Be your own key master with 1Password
by Jeffrey Goldberg on
Encryption is great. By magic (well, by math) it converts data from a useful form to complete gibberish that can only be turned back into useful data with secret number called a key.
I happen to think that the term “key” that we use for encryption and decryption keys is a poor metaphor, as it suggests unlocking a door or a box. Cryptographic keys are more like special magic wands that are essential to the process of transforming data from its useful (decrypted) form to gibberish and back again. Since we’ve seen fit to disguise this magic wand as a simple “key,” I will continue to use “key” for simplicity’s sake.
Encryption is very powerful magic, and when done properly it is so close to being unbreakable that we might even get away with claiming it is. Of course, anyone who has a copy of the key doesn’t need to break it; they can just use their copies of the keys to decrypt your data.
This is why we have designed 1Password so that we never have the keys needed to decrypt your data. You are the master of your own keys. You are your own key master.
I should point out that even if you trusted us to not misuse your keys (if we had them) they could still be stolen from us (if we had them). If everyone’s keys were all in one place that would also make a very attractive target – yet another reason we don’t want them. We cannot use, lose, or abuse information that we don’t have. It’s not like we are planning on having data stolen from us. But we do plan for the possibility. Not having your keys is an essential part of that planning.
Now if someone were to store encrypted data in the same place that they store the keys to decrypt it, they may as well not encrypt it in the first place. I do not know what happened to OneLogin (absolutely no relation to us), but they did release a notice to their customers saying that their customer data was compromised “including the ability to decrypt encrypted data.” That certainly suggests that they held both the keys to the data and the encrypted data itself.
It really doesn’t matter how strong your encryption is if the keys can be stolen along with the data. This is why we have been very careful to design 1Password so that we never, ever have the keys to decrypt your secrets. Even if we are breached, your data remains secure because you (and only you) have the keys to decrypt it – we don’t.
Key management is hard. And it is hard to talk about. I would love to talk about it here, but frankly it is what the bulk of our technical documentation (PDF) discusses, and I cannot do it justice without turning this post into a treatise.
Instead, I will summarize (with many shortcuts and omissions) how 1Password manages the keys to unlock your data in a manner that keeps your data secure:
I could write at great length about each and every one of these, but I should probably finish this article this year, and much of this is in our security white paper.
It is frustrating and hard for the consumer to judge the security of a product or system as they choose one. Everyone touts the same buzzword compliance, yet there can be substantial differences in security design that are not reflected by that jargon.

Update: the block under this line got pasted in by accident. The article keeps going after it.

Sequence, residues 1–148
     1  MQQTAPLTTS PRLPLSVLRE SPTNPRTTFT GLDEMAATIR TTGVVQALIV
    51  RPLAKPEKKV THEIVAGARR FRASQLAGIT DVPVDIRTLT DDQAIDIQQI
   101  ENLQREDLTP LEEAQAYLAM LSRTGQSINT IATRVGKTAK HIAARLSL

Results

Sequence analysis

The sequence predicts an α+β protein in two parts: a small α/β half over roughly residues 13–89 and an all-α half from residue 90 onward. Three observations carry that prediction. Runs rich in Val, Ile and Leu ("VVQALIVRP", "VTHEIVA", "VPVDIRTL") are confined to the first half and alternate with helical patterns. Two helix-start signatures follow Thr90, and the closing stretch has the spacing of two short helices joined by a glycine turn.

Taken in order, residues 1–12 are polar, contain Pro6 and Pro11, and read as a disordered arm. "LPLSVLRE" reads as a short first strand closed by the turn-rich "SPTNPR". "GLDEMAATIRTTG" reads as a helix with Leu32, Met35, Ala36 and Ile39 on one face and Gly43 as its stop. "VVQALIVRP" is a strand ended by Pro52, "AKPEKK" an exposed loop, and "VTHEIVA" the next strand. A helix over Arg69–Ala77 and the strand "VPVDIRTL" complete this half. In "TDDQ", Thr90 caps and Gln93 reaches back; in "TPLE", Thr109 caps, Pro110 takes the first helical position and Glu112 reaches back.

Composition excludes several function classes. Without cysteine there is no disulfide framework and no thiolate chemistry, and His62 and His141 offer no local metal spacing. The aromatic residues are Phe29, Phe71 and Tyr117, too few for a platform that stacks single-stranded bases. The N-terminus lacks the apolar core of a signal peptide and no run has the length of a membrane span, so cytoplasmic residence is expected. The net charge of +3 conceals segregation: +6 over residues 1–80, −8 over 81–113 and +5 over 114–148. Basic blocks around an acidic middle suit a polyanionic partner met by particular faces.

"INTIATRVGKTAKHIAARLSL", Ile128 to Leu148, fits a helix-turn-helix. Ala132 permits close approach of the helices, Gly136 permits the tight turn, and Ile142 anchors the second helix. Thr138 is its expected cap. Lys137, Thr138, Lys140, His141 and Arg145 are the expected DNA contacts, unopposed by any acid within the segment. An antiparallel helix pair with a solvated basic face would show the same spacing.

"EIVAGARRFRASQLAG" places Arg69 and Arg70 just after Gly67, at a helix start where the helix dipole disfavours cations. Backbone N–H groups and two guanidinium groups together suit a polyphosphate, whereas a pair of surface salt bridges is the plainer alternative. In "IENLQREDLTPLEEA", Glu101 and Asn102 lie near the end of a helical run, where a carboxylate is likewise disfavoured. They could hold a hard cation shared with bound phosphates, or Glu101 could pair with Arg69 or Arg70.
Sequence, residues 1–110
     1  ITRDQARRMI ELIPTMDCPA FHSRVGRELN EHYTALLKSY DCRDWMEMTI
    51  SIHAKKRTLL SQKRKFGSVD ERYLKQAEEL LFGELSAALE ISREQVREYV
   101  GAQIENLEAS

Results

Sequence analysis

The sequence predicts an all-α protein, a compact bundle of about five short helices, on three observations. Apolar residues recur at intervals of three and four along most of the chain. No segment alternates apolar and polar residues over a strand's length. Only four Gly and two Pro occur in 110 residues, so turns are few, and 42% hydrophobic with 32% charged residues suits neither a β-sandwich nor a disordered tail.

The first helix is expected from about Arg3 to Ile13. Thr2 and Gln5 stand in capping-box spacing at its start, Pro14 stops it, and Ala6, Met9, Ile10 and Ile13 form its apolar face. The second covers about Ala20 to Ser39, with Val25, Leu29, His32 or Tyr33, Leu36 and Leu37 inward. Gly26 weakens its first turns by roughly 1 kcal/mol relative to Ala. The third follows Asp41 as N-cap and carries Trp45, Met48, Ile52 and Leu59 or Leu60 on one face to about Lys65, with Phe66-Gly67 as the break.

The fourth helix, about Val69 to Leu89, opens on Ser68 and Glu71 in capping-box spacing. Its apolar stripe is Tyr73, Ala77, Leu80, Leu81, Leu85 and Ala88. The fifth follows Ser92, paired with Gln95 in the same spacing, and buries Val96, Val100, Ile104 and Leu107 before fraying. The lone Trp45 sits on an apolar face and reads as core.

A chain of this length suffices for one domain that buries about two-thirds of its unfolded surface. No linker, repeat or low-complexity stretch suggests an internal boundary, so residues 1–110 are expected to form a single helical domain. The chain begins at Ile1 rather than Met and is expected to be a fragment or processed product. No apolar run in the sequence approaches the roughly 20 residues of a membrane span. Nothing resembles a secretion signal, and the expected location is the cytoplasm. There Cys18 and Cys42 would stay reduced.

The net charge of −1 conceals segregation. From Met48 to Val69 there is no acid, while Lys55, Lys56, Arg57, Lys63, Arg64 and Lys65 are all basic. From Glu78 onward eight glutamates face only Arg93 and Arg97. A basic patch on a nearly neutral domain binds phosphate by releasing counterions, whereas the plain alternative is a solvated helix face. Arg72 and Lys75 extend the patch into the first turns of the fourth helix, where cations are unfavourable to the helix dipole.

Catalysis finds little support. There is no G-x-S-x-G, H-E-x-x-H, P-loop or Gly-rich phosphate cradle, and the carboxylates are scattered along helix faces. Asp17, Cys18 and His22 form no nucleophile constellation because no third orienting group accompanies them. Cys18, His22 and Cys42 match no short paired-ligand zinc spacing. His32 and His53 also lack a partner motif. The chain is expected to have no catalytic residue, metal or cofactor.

Very strong cryptographic tools are (fortunately) available to almost every developer, but using those tools doesn’t automatically make a system secure. Let me offer an analogy in which I confess to being a terrible cook.
If I were tasked with producing a high quality cooked meal and were given the freedom to pick the very best ingredients, the results would not live up to the quality of ingredients. The failure wouldn’t be that I choose incorrectly between Himalayan rock salt or Oshima Island sea salt. The disappointing meal I would prepare would be because I used far too much salt on the spinach which I boiled for 10 minutes. Using the right ingredients is the starting point, but preparing something with them to be proud of takes much more work and skill.
Handling keys in a way that ensures that only the owner of the data has the power to decrypt it (or share it) is just one of the many things that needs to be done right to make a system secure, just like adding proper amounts of salt at the proper time while preparing food is just one of the many things that a cook needs to master in order to prepare a five-star meal.
There is an important way in which my analogy fails. It does not take an expert cook to judge the quality (or lack) of a meal I prepare. I could advertise honestly the use of the very best ingredients, but the proof would literally be in the pudding (and the starter, and the main course …). But the practical security of a system is not so transparent to non-experts (or even to experts if they are not given a peek into the kitchen). This, as I lamented, puts the consumer in a very difficult situation.
Our hope, however, is that our openness about our security design, processes, and decisions allows the curious to peek into the kitchen and make an informed decision. We are happy to go to great lengths to ensure the security of 1Password even if those results aren’t immediately visible to the typical user. We do that because it is the right thing to do. (And we enjoy the challenge.)
This last point – naturally enough – leads directly to …
If you know someone (possibly even yourself) who has been using something other than 1Password, then we have a great offer for those ready to make the switch to 1Password. Not all security tools are created equal, and we suggest that you see what the security community recommends and what people love. (Yes, 1Password is a security tool that people love using.)
And, of course, you don’t have to be a switcher to start using 1Password. Just start using 1Password.